Tuesday, 26 February 2008

Why I love Relay

The second round of Relay applications is drawing to a close. And has Mo has noted, there are places in the country where many people that are weighing up whether or not to do Relay are perhaps being persuaded that the better option is to do a church apprenticeship instead, on the grounds that theologically the local church is more central to what God is doing in the world than CUs.

Now I realise that pretty much everyone in Christian ministry seems to recommend whatever they did themselves as the path. I also have nothing against church apprenticeships. Many friends of mine have gone on the serve the church in this way and have learned loads. However, the basic principle of what Mo says is true: that encouraging recent graduates to do Relay is also an incredible way of growing the church. Far from draining the resources of the church, Relay is a brilliant way of growing Christians who can serve the churches whilst Relay Workers (in helping CUs to do what churches can't on campus) and, particularly, for the years afterwards.

I owe many things to Relay and I've spoken about my experiences both as a Relay Worker and on Relay staff before. Here are some of the other things that I love about Relay, and where I consider the programme to be a massive grace to the worldwide church:

  • The wonderful, wonderful emphasis on grace. Saved by grace, changed by grace, ministering by grace. Many of the people I know that understand grace best are those that have been touched by the Relay programme.
  • The gentleness and humility that comes through working alongside those of different evangelical convictions. It's sad to meet people who hold convictions and who loudly proclaim these convictions merely because it's the party line of the Christians with whom they have been built up. In my own experience (and in the experiences of many others), working alongside Christians from very different backgrounds and realising that these other Christians loved Jesus just as much as I do was very humbling.
  • A great theology of worship. It seems to me that overwork is one of the massive problems in Christian ministry. Relay taught me that Christian ministry is great - but it's not God, and that I can honour God through getting good rest and time off.
  • A holistic emphasis on growth. I love the fact that I get to share my life with the Relay Workers I supervise. Yes - I care about their ministry. But I also care about them. The fact that this is built into the Relay programme is a massive bonus.
  • Equipping for a lifetime ahead. Relay is equally valuable for life no matter what a Relay Worker choose to do after their year. The lessons learned aren't merely significant for the year of ministry.

I could go on. I know there's plenty of church apprenticeships that to some extent offer what I've mentioned above. But I hate to see just a good thing as Relay criticised just because it's not offered through local churches.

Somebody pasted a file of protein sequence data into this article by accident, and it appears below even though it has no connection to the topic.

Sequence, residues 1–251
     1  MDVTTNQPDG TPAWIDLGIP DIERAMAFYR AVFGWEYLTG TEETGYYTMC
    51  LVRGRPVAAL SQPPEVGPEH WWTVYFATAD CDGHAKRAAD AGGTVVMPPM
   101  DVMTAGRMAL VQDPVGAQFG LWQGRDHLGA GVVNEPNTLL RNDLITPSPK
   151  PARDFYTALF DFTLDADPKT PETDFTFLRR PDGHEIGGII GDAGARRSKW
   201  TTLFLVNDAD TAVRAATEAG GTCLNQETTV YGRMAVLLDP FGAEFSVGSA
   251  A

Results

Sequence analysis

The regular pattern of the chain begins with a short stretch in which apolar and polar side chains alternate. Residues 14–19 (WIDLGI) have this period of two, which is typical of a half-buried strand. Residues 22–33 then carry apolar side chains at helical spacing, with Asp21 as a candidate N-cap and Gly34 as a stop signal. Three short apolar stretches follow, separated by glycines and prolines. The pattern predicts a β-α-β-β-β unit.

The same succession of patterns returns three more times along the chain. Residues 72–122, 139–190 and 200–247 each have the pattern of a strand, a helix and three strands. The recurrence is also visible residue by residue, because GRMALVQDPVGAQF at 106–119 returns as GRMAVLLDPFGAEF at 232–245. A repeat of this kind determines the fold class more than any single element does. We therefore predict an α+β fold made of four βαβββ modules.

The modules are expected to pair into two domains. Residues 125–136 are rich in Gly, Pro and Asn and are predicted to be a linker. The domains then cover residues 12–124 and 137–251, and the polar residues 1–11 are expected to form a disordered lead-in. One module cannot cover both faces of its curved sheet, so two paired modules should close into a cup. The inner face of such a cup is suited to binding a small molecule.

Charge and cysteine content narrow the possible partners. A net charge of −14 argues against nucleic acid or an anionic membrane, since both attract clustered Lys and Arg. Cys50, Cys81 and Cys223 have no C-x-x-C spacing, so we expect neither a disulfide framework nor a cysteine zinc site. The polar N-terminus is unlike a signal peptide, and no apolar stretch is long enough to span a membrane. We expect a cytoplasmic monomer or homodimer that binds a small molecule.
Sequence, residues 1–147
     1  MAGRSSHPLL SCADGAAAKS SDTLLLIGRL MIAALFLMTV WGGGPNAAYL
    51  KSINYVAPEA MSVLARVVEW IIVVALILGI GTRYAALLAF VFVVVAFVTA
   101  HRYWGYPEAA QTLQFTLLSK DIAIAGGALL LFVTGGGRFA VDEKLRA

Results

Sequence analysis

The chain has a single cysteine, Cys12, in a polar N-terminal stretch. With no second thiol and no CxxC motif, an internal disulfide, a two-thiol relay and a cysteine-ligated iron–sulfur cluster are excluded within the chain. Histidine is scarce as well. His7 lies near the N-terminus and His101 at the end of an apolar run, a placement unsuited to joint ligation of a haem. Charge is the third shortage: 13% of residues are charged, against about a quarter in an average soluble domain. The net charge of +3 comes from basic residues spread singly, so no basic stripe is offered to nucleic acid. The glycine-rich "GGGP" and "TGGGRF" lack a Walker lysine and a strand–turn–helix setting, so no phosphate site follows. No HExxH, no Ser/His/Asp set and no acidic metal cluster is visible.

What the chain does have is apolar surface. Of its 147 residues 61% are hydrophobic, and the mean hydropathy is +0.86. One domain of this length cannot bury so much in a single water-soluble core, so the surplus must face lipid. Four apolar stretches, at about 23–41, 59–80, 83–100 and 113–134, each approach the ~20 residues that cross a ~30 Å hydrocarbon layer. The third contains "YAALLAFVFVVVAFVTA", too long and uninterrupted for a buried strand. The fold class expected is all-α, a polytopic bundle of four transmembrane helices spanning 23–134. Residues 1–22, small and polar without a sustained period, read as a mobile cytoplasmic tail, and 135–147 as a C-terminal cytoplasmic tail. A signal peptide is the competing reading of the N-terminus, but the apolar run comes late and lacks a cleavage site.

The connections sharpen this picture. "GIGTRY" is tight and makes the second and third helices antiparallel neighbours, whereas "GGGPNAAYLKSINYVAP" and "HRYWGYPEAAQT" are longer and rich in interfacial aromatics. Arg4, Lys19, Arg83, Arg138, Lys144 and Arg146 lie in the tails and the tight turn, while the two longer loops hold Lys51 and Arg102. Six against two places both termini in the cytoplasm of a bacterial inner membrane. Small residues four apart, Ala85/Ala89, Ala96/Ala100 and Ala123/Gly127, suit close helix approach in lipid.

gazleaney said...

I wanted to say a big WOO to your post. So there you go.

Also, I think people are wrong to think of it as "either/or" - people who've done Relay can still go and do church apprenticeships - I know lots of people who did, including me. And I think it's the perfect way round - Relay gave me a great basis from which to approach church work. Having been taught to rely on grace, to keep an eye on work levels, and to work interdenominationally have all been massively helpful in working for a church.

Gareth said...

"Relay is a brilliant way of growing Christians who can serve the churches whilst Relay Workers"

I'm not so sure on that point. As a current Relay Worker - I have virtually no time to be serving the local church that I'm apart of in Leicester. Granted I do have a few other factors in my case.

Just my thoughts.

Little Mo said...

Hmmm - Gareth.

1) You need to discuss that with your supervisor.

2) Isn't helping the Cu do mission better quite a good way of serving your local church?

Gareth said...

Hmm indeed! I love Relay I really do but it can be quite difficult to get involved and serve a local church, particularly if you're in a city different than the one you went to university in. Of course I'm also engaged so that takes me away from where I am a bit more than would otherwise be the case. But the work that I do on Relay that occurs outside of normal office hours seems often to conflict with church activites, whether that be a mission taking me away from the city for a Sunday or being asked to speak at an event that happens to coincide with a house group.

And yes helping the CU do mission better is excellent and a great way of serving the local church - but it can feel quite... distant? from the local churches sometime.

peterdray said...

Gareth (the second one!) - I understand what you're saying but agree with Mo. As parachurch we support local churches (more than one) in being a wider witness on their behalf where there mightn't otherwise be one. And the place where those who become Christians enjoy teaching and lifelong community is the local church. I was at a baptism of a lad who'd become a Christian through CU three weeks ago (at a local church in Lancaster, although not my local church), which was thrilling.

I agree that sometimes it can be frustrating not being able to make every church meeting and prayer meeting, but ideally the church members should realise that they are freeing you from other church responsibilities to be part of the wider witness and ministry of the church. That's what I experienced as Relay Worker in Bristol. I was involved directly in church ministry (especially with international visitors) but also freed up from other meetings to help resource the CU (which was made up of members of my own local church and others in Bristol).